Sri Lanka

6 August 2019
Risk Level: Previously Studied
A lack of accountability for war crimes and other atrocities committed during Sri Lanka’s long civil war continues to hamper reconstruction and reconciliation efforts.

From January until May 2009 the government of Sri Lanka intensified efforts to militarily defeat the Liberation Tigers of Tamil Eelam (LTTE), who had been fighting for an independent Tamil homeland since 1983. Civilians in the northeast of the country, trapped between the LTTE and the Sri Lankan government’s armed forces, faced war crimes and crimes against humanity perpetrated by both sides. The LTTE placed armed fighters amongst civilians, shot at those who tried to flee, and relied upon forced conscription to its forces.

The Sri Lankan army, meanwhile, used heavy artillery and aerial bombardment in densely populated civilian areas and was widely accused of extrajudicial killings and sexual violence. The civilian death toll resulting from the Army’s final offensive against the LTTE is estimated at 40,000 people.

Since 2009, calls for accountability for war crimes and crimes against humanity remain unanswered. It took the government nine years to set up an Office of Missing Persons to investigate the unexplained disappearances of thousands of people during the civil war.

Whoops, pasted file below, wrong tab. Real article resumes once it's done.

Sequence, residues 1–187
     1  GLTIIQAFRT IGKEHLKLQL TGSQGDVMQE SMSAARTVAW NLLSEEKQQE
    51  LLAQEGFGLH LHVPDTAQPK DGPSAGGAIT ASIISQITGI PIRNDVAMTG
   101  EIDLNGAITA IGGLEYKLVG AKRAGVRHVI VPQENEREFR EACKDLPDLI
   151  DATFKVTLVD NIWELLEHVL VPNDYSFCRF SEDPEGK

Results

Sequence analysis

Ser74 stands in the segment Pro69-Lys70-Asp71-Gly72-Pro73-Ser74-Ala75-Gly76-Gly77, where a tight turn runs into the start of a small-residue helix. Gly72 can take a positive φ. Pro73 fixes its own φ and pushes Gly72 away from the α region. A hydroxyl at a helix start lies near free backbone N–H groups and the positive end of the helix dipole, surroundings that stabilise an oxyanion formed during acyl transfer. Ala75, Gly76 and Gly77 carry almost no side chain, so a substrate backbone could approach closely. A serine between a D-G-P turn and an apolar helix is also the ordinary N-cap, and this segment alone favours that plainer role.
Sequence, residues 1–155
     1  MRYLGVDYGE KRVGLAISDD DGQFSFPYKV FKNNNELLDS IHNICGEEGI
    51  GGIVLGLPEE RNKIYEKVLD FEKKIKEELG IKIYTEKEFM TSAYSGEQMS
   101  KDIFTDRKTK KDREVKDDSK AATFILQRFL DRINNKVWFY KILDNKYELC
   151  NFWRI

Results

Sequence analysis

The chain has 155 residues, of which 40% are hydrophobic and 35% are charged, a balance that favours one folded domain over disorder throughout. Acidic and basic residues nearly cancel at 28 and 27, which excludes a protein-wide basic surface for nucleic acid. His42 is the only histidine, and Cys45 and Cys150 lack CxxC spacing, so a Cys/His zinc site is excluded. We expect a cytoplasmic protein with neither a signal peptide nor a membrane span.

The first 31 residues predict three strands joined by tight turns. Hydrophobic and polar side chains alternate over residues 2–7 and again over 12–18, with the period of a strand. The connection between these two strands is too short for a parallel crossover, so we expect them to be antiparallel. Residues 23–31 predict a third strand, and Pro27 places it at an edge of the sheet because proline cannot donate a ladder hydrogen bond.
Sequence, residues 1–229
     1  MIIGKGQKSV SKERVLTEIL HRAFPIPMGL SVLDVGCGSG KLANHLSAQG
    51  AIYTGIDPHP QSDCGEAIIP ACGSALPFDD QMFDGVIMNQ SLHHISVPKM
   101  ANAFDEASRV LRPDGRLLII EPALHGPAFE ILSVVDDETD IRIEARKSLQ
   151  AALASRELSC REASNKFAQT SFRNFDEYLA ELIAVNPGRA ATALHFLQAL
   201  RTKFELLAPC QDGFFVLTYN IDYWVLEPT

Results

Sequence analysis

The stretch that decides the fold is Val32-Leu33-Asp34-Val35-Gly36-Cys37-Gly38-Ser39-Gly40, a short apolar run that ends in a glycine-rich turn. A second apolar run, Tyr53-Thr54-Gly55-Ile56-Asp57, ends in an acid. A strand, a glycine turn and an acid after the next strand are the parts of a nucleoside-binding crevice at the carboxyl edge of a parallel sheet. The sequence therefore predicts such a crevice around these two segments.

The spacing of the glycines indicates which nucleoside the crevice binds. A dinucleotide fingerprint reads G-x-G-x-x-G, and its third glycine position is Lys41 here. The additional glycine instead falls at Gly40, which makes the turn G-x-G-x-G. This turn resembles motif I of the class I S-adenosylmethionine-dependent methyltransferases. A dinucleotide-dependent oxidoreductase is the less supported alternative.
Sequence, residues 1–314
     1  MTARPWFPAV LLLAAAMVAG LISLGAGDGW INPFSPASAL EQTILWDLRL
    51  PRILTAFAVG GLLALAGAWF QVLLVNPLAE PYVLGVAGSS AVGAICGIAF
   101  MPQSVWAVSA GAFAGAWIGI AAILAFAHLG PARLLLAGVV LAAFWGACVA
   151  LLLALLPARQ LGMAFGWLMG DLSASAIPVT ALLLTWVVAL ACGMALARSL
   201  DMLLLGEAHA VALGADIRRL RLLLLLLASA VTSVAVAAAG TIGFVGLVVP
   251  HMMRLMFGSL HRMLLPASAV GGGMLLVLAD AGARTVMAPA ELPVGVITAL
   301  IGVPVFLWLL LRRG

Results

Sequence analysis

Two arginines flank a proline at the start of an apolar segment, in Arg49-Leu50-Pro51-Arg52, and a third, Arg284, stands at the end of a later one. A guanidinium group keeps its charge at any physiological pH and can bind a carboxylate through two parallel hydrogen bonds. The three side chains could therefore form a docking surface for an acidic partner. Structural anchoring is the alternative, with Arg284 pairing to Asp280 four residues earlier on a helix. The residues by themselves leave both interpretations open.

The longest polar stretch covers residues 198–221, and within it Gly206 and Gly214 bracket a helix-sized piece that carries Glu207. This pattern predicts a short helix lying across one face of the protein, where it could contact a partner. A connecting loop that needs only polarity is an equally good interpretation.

Recent targeted attacks against Sri Lanka’s Muslim population, which constitutes approximately nine percent of Sri Lanka‚Äôs multi-ethnic and multi-religious population, have raised fears of a return to conflict and instability in the country. Tensions between the Sinhalese Buddhist majority and the minority Muslim community have increased since 2009. During February 2018 violence between Sinhalese and Muslim communities escalated, prompting the government declared a state of emergency.

Targeting of the Muslim minority escalated further during 2019 following a series of coordinated bombings targeting churches and luxury hotels on Easter Sunday. The attacks claimed over 250 lives and injured another 500. A local militant Islamist group known as National Thowheed Jamath was blamed for the attacks. Hate speech and the actions of Buddhist extremists has resulted in mob violence targeted attacks on Muslim communities, especially in the Western and North Western provinces. Government authorities implemented a number of emergency measures in the wake of the attacks that appeared to target Muslim populations and detained hundreds of people under counterterrorism laws.

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